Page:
Review by SneakTheSnake

"Inspector Gadget is at it again. But this time, leave him be. He'll get this one on his own."

It looks like we've got a licensed game on the PS2 that, because of its poor quality, can not even hold a candle to its source material. None of this is particularly new, or exciting. Inspector Gadget: Mad Robots Invasion is not one of those legendary bad games, like American Pro Trucker of those paintball disasters. And it's not because of a lack of exposure; it's a poor, poor game, granted, but it's not completely broken. It just makes players wish that the last Inspector Gadget game was the racer for the Game Boy Color - or the maze game for the Playstation - or even that platformer for the Super Nintendo. Europe does have a collection of PS2 games based on common franchises that weren't released in the States: Home Alone 2, Fieval Goes West, Garfield, Gadget and the Gadgetinis and good old Inspector Gadget himself all have Europe-exclusive PS2 titles. For some odd reason.

The MAD Agents are at it again! They're out after the world's monuments this time around. In a voice-acted cutscene with actors who studied under the strict tutelage of such “greats” as Bela Lugosi, Gadget receives a letter with landmarks close to get into Dr. Claw's grasp. He must head off to London, Paris and a handful of others to take down the bad guys.

If you think that the game has any of the charm of the original cartoon, you'd be wrong. The graphics are piss-poor, and this is most apparent in the opening cutscene. Things don't go off on the right foot, as character models are primitive and unappealing, and none of the original voice actors from the current Gadget cast appear here. The Inspector Gadget impersonator in this game is simply atrocious, and his niece Penny is even worse off. There is a successor to Gadget's original voice actor, and his name is Maurice LaMarche. He does an excellent job imitating Don Adams. But neither he nor Cree Summer are here in this game.

The game is a 2.5 platformer, much like Klonoa or Pandemonium!. Gadget moves from left to right, avoiding objects in the foreground and background, bopping enemies with his various (though limited) gadgets and fighting the occasional boss. Nothing about the game screams panache, innovation, or replayability; this is the kind of action you've seen hundreds of times before, hundreds of times better. Sure, the environments are varied, but the obstacles are not. The “cerebral” parts of the game are limited only to “press the button here, an elevator is activated over there” kinds of legwork.

It doesn't take long for monotony to set in, and the game's presentation does not help much. The music is annoying and gimmicky; it does bear some resemblance to the ambient music of the original, but, as you may have guessed, the famous title theme is nowhere to be found here. This game's title theme is also used in the levels; that's how much the developers cared about making a lasting impression. Sound effects are regulated to basic boings and bloops. Poor collision detection make “combat” a chore, especially for the boss battles. Moving from one platform to the next while hopping and bopping can be difficult, as the change in perspective from one plane to the next can make things disorienting. Replay value is nonexistent, as there are no bonus levels, unlockables or even multiplayer.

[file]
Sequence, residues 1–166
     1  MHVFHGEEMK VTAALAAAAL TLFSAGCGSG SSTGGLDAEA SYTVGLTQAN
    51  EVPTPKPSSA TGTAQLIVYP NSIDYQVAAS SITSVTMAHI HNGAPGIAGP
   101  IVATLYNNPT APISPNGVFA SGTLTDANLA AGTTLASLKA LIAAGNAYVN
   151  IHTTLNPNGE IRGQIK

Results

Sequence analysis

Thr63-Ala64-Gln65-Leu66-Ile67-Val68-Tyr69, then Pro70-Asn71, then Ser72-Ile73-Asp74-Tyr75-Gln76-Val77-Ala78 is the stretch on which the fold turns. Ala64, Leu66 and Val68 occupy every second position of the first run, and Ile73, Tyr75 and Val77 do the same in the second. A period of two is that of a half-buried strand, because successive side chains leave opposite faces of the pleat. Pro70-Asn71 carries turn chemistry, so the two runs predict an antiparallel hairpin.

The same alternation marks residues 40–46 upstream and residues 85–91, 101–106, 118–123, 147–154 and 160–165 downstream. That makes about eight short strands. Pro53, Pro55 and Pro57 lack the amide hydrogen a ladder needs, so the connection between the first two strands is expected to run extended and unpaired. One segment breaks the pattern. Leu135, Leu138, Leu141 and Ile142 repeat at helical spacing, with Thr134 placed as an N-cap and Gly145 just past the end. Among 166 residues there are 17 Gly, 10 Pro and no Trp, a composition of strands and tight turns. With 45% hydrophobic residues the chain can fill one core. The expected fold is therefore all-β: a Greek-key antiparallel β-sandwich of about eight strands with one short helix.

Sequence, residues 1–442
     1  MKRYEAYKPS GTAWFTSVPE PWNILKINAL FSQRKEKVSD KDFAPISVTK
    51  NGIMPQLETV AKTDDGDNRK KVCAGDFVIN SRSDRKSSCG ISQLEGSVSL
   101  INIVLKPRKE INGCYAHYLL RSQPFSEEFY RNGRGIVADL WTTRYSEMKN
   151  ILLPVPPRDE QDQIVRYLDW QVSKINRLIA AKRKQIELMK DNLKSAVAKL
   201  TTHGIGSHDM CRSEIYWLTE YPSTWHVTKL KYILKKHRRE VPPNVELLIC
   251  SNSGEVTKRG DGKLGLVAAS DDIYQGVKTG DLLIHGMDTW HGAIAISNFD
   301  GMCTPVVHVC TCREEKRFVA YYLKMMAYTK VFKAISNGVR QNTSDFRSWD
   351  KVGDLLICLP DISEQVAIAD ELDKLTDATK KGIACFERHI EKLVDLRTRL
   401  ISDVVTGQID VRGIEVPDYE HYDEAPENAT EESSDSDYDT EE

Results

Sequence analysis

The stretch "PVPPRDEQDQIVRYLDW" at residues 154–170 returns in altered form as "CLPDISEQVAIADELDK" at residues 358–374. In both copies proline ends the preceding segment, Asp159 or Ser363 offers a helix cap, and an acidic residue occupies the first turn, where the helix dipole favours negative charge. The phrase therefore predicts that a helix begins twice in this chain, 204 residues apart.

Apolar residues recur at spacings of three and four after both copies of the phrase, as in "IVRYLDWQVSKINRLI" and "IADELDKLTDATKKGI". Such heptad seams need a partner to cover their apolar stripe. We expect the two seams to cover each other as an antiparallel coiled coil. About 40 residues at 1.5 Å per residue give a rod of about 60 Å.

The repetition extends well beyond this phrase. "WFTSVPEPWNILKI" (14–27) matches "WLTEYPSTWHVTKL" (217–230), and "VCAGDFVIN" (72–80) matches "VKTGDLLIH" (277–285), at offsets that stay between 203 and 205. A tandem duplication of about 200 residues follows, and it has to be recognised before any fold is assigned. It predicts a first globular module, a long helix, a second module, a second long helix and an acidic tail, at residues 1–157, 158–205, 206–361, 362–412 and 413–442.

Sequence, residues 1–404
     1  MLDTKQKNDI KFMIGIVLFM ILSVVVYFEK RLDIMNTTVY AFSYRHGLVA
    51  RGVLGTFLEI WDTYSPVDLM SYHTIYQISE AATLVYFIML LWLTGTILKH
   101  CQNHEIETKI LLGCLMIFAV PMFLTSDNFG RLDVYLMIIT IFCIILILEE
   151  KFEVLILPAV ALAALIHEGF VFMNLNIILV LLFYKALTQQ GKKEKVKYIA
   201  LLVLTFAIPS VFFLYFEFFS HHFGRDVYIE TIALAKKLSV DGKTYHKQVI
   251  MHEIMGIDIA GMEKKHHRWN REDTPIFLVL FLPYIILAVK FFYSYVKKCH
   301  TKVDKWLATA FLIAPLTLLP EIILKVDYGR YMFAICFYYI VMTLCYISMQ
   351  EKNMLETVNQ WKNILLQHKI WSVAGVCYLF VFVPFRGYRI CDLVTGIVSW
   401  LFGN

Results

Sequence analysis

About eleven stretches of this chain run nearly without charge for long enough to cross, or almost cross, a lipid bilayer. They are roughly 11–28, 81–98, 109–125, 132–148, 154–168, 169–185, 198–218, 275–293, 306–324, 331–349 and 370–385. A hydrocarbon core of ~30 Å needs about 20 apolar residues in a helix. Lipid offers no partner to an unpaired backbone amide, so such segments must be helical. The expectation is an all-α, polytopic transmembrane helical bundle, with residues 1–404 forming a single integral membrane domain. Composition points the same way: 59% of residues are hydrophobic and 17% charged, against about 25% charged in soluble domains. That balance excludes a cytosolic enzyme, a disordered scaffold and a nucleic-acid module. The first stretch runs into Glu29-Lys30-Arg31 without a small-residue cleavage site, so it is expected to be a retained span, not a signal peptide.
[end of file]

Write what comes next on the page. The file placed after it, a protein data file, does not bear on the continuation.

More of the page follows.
And there are graphical glitches abound - during Gadget's death animation, his body fell to the floor, but none of his facial features were visible! All I saw was a frightening, crude imitation of Gadget: no eyes, no mouth, just indentations in his face at where they should have been. The only thing notable I can think of about the presentation is that the game's script and dialogue were translated and recorded into a smattering of different languages.

I'm usually willing to forgive a game for a lack of originality or charm if there's at least one thing - one spark - of fun. Creativity. Effort. The racer, for example, is one of the oldest game genres, but I like F-Zero for its sense of speed and most Mario Kart games for their novelty. And sure, Tetris is the perennial puzzler, but other puzzlers have made it into my gaming rotation because of the new things they bring to the table. As for platformers, it's probably the genre with which I'm most familiar, and I can tell you with great certainty that the Playstation 2 was the brainchild of the modern platformer. Even if you're a fan of Inspector Gadget, I implore you to not let yourself get so curious as to consider this game as a purchase. Most games in the same genre released more than a decade ago have more originality, more oomph, than Mad Robots Invasion.


Reviewer's Score: 3/10 | Originally Posted: 02/14/11

Game Release: Inspector Gadget: Mad Robots Invasion (EU, 12/31/03)


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